Are you saying the same thing as those who are saying that the US lost an opportunity to unify the world by the way it handled 9/11?
To some extent and I think from the Reagan era when the US was talking about a new world order. If you recall, that coincided with when the third world was trying to negotiate some kind of accommodation with the northern hemisphere. The difference was the north didn’t want accommodation, they wanted to define the relations. I remember those useful UNCTAD (the United Nations Conference on Trade and Development) meetings, the GATT, (the General Agreement on Tariffs and Trade) negotiations, that was the struggle between those who ran the world as they see it to their own advantage and those who liked to see a more consensual world order. And, of course, come 9/11, that tipped the balance against those ready to discuss. The debate was closed. And some of the rationale that was brought to justify that was that, you see, when you start negotiating, they believe they have real power. The notion of more equal access to and share of world resources was jeopardized. All the efforts aimed at basically trying to seek a new definition of more peaceful, a fairer and more just world were challenged. That opportunity has been lost. If you ask me now where are we going next, I don’t know. Afghanistan, there was a time when Obama came in, he said he was going to systematically withdrawal all the soldiers. Some people argue there may be more now than he found. Of course, we had an Iraq, But now to all those you can add Libya, you can add Yemen which I don’t even know what that is all about, you can add Egypt, Tunisia. That is why I don’t get any hype about Clinton and Trump. I don’t try to decide which one of them is better.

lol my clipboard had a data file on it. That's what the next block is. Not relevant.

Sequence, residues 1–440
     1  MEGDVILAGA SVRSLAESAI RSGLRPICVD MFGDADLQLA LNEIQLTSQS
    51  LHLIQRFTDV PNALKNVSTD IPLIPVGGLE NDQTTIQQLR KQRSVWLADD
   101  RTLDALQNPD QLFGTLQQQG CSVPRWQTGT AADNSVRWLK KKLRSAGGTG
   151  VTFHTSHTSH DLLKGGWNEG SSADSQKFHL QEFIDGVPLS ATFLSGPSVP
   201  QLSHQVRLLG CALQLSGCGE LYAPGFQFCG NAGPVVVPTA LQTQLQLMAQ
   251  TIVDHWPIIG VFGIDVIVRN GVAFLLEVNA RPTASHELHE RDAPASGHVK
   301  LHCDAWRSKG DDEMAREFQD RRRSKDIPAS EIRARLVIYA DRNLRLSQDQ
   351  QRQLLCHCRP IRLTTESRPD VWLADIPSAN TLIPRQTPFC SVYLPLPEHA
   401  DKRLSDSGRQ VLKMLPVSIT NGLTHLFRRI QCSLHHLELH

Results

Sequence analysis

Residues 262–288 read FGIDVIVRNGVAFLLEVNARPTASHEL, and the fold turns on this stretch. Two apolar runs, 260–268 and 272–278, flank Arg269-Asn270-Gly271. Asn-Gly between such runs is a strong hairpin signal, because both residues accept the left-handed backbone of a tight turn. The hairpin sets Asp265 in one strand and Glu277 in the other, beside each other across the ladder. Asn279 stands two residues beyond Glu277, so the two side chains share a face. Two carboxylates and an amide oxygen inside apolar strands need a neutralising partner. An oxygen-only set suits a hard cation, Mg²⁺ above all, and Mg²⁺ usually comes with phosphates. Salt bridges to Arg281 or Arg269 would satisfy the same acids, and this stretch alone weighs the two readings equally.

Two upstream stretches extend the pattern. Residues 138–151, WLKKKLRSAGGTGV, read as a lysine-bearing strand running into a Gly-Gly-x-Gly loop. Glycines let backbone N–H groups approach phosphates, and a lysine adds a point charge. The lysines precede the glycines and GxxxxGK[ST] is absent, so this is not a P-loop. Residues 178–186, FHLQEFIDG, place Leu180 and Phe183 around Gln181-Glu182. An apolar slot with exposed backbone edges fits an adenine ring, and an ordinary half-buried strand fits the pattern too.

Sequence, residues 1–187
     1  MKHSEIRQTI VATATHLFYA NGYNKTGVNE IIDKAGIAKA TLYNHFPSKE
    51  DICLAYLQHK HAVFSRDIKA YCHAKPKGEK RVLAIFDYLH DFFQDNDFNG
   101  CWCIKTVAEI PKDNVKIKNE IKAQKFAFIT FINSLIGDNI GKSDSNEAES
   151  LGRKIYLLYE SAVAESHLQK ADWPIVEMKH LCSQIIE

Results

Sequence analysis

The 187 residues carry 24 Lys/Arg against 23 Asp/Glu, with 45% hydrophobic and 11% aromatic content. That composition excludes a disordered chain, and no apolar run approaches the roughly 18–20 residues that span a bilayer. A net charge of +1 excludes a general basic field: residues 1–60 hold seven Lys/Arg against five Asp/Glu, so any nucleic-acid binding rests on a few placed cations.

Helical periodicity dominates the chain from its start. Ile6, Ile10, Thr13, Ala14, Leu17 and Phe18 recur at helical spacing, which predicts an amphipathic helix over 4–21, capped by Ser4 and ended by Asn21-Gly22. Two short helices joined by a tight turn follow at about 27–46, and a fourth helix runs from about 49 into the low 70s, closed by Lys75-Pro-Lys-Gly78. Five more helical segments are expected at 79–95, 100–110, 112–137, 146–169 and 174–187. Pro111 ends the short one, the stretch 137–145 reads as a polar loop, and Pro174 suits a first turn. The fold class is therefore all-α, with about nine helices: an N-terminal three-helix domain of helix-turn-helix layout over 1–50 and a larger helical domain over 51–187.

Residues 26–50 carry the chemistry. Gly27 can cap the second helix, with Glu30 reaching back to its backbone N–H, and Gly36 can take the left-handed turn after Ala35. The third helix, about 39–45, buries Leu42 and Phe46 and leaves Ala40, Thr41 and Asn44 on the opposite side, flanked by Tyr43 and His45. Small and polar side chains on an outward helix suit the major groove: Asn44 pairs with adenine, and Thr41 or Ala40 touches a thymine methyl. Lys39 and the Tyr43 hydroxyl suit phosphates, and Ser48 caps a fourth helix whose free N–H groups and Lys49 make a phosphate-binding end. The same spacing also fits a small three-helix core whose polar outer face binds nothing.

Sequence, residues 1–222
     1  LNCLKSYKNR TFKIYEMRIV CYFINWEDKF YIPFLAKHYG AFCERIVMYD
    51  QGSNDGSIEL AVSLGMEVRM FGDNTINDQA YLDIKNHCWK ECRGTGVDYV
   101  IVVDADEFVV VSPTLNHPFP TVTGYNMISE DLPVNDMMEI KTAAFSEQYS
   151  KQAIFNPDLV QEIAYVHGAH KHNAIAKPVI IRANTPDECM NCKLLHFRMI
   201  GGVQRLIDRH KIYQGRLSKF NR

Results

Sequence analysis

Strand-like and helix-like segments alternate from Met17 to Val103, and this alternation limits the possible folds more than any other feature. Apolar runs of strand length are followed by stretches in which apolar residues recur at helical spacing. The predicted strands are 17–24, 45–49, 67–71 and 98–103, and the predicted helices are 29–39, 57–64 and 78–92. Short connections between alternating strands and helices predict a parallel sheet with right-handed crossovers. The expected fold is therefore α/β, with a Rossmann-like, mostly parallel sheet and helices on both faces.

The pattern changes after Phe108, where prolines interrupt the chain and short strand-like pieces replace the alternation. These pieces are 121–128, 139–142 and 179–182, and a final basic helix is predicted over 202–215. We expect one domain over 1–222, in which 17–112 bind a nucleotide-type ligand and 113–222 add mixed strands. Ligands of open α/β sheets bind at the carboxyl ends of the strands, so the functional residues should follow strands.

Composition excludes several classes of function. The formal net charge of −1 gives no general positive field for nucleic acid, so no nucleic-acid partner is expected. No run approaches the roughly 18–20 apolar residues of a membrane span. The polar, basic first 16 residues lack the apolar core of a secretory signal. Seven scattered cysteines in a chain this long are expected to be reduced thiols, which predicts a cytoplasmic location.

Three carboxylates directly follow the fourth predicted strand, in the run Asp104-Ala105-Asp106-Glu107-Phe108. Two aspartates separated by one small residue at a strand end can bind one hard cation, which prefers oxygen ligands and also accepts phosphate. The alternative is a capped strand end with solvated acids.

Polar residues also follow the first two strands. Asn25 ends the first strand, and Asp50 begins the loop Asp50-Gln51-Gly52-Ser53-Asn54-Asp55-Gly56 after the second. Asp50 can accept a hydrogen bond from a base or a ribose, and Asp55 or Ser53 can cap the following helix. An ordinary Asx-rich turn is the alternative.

Popular feeling tends to favour Mrs Clinton but other people think Donald Trump is also saying something
I think so because she has a legacy already, she has a continuity and it looks to me that this idea about Trump and isolationism. Trump talks about isolationism to some extent and his positive approach to Russia. I don’t know how he sits with China but he seems, listening to him, he would like to do some surgical work on NATO, etc. At least, it is something new.